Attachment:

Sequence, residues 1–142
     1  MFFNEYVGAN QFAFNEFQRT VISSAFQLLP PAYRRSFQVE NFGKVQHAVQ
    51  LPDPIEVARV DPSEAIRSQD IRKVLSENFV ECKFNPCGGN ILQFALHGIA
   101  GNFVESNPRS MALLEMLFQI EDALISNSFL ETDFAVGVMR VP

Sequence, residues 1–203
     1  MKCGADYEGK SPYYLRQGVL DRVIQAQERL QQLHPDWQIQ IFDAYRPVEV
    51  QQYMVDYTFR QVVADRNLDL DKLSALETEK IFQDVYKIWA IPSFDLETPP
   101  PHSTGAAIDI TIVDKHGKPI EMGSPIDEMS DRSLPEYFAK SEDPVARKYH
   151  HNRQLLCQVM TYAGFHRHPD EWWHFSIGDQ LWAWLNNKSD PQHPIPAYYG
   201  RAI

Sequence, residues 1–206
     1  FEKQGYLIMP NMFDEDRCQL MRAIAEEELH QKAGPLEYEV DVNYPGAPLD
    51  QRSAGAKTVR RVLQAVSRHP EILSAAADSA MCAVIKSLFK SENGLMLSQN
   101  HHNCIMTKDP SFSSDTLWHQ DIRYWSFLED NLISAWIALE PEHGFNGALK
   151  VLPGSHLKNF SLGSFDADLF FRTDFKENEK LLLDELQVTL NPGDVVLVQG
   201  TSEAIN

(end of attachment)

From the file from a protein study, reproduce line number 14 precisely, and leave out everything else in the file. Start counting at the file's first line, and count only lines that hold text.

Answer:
   101  HHNCIMTKDP SFSSDTLWHQ DIRYWSFLED NLISAWIALE PEHGFNGALK